Second, appellant argues that the government did not to present any independent evidence to establish appellant's predisposition to obtain child pornography. In the absence of establishing a predisposition, argues appellant, the government cannot overcome his claim of entrapment. Appellant cites United States v. Johnson, 855 F.2d 299 (6th Cir. 1988). Johnson was a similar sting operation which led to a conviction under 18 U.S.C. § 2252. The court stated that where a charge of entrapment has been made, "once the issue of predisposition is in dispute, the Government must prove beyond a reasonable doubt that the defendant was predisposed to commit the offense." 855 F.2d at 303. It found that there was sufficient evidence of predisposition to support Johnson's conviction.
Third, appellant claims that the government's use of the brochure, and the method of its procedures in general, were sufficiently outrageous to constitute a violation of due process. The Supreme Court has indicated that the conduct of law enforcement agents may be so outrageous that due process considerations would bar a conviction even though the defendant was not entrapped. United States v. Russell, 411 U.S. 423, 93 S. Ct. 1637 (1973). The Sixth Circuit has identified four factors to determine whether police conduct infringes constitutional due process protection: (1) the need for the type of conduct in relationship to the criminal activity, (2) the preexistence of a criminal enterprise, (3) the level of direction or control of the criminal enterprise by the government, and (4) the impact of the government activity creating the commission of the criminal activity. United States v. Robinson, 763 F.2d 778, 785 (6th Cir. 1985). The trial court carefully applied these factors to the government's conduct in this case and concluded that there was no infringement of appellant's constitutional rights.
The standard of review for overturning a conviction is that the court must reverse only if, based on the evidence, "a reasonable mind could not find guilt beyond a reasonable doubt." Johnson, 855 F.2d at 303, citing United States v. Stull, 743 F.2d 439, 442 (6th Cir. 1984), cert. denied, 105 S. Ct. 1779 (1985).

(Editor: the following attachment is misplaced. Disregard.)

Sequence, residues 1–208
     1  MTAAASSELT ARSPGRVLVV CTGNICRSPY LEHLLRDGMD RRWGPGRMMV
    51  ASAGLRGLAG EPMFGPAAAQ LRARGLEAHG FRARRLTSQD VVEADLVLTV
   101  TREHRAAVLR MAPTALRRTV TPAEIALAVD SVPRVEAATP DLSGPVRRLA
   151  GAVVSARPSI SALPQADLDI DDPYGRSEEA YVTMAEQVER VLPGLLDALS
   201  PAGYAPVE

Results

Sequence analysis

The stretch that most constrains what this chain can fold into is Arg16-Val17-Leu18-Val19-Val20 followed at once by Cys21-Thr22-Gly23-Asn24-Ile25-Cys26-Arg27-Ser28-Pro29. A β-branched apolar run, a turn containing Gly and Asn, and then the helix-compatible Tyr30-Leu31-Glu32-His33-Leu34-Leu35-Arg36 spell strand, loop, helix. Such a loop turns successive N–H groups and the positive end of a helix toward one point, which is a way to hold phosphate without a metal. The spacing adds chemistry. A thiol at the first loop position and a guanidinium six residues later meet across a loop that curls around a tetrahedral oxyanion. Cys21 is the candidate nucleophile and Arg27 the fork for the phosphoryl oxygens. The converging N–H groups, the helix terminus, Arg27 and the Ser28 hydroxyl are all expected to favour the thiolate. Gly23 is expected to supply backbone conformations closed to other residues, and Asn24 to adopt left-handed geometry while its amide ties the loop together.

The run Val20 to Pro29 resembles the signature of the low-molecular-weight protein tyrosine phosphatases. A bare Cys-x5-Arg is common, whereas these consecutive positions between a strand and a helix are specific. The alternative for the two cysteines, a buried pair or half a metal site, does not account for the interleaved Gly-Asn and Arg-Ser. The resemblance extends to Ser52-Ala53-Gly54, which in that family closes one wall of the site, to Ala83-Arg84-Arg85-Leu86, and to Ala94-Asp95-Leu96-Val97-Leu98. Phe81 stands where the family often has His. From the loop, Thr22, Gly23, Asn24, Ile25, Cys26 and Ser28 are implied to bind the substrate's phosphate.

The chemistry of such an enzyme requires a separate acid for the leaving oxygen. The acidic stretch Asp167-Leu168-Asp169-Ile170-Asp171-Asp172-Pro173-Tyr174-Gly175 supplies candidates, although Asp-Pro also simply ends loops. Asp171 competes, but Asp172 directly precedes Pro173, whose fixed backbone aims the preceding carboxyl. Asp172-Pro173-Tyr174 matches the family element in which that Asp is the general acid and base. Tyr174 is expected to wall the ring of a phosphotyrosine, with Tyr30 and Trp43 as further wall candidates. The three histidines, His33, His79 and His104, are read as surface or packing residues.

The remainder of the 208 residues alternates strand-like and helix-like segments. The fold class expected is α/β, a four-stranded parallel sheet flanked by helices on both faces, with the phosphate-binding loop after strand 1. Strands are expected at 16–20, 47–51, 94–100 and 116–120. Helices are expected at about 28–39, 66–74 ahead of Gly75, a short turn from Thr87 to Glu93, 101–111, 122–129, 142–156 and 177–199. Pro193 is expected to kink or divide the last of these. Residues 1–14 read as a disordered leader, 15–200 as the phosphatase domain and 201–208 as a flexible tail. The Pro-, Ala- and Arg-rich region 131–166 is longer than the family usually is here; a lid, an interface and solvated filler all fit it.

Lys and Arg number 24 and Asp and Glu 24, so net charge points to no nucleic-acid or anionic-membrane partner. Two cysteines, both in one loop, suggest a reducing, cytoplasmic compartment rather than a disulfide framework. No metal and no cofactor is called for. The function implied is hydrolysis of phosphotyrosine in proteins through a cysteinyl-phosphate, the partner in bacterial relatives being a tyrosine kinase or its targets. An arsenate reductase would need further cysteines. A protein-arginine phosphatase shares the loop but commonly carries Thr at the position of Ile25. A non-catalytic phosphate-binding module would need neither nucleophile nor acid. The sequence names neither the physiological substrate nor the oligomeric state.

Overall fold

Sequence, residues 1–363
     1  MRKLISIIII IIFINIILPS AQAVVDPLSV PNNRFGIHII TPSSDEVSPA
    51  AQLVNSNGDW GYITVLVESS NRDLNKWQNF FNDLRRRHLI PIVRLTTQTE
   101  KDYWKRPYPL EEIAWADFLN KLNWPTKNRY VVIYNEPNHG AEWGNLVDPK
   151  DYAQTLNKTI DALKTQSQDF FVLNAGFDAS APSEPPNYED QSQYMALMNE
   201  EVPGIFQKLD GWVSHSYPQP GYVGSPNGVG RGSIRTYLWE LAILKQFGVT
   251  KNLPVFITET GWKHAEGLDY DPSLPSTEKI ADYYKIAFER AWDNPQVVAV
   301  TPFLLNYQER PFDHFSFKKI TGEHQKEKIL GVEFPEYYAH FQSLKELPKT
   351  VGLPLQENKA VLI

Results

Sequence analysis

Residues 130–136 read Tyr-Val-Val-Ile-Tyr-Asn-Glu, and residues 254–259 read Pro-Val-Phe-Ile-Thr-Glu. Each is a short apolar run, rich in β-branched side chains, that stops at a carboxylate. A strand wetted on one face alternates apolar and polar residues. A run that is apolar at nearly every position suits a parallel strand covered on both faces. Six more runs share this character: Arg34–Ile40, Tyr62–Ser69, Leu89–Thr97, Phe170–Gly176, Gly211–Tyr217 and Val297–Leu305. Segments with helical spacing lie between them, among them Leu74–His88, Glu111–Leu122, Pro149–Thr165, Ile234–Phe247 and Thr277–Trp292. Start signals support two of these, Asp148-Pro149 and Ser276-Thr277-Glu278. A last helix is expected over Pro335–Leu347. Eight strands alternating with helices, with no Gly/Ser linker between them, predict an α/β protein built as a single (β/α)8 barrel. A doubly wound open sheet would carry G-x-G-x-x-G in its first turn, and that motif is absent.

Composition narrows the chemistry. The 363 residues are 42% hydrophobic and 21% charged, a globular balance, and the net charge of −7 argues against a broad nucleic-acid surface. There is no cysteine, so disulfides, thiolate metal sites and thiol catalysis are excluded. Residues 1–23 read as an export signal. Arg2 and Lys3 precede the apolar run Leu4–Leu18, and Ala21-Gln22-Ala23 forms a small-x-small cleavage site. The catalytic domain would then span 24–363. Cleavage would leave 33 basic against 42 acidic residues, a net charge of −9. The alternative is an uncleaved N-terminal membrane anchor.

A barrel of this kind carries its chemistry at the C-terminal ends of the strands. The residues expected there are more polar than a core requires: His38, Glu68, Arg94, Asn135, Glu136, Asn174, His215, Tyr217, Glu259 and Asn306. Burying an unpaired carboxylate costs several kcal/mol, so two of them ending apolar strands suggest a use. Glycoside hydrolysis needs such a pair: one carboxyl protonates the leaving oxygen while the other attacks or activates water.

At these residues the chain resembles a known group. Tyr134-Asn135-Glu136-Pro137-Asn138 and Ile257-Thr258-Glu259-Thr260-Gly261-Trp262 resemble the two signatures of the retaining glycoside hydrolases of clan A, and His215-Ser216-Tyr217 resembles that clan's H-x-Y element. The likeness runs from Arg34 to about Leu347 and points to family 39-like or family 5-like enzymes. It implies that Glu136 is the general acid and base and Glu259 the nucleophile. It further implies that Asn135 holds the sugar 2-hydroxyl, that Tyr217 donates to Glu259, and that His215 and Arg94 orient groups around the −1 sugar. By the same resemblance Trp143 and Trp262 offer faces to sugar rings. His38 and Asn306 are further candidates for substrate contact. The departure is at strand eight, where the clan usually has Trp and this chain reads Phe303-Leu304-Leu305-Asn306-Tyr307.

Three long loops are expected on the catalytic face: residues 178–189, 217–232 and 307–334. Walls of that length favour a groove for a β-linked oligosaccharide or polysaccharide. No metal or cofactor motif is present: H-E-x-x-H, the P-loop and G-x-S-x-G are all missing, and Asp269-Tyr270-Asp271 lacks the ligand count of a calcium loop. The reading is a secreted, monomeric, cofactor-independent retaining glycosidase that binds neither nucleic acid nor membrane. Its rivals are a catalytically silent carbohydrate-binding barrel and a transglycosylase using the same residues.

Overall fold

The government's evidence of predisposition consisted of: (1) the presence of appellant's name on a mailing list belonging to Alpine Distributors, which the government characterized as a purveyor of child pornography, and (2) the enthusiasm of appellant's response to the brochure offer.
We hold that the wording of the brochure sent to Mr. Porter and the enthusiasm of his response provided sufficient evidence of predisposition and of mens rea to overcome a claim of entrapment and to support a jury verdict convicting appellant of knowing receipt of child pornography. Ideally, perhaps, the Customs Service's brochure would have included the actual ages of the models in the materials it offered. (The brochure was modelled on various European child pornography mailings, some of which apparently included the ages of the models.) The absence of any mention of the actual ages means that a jury could find that a defendant who responded to the offer had not actually intended to order child pornography. In the present case, however, Porter presented the jury with just such an argument and the jury did not believe it. In refusing to credit Porter's account of his intentions, the jury acted within its proper function as the resolver of issues of credibility. Furthermore, we agree with the district court's analysis of the government's conduct and find no constitutional infringement resulting from its behavior.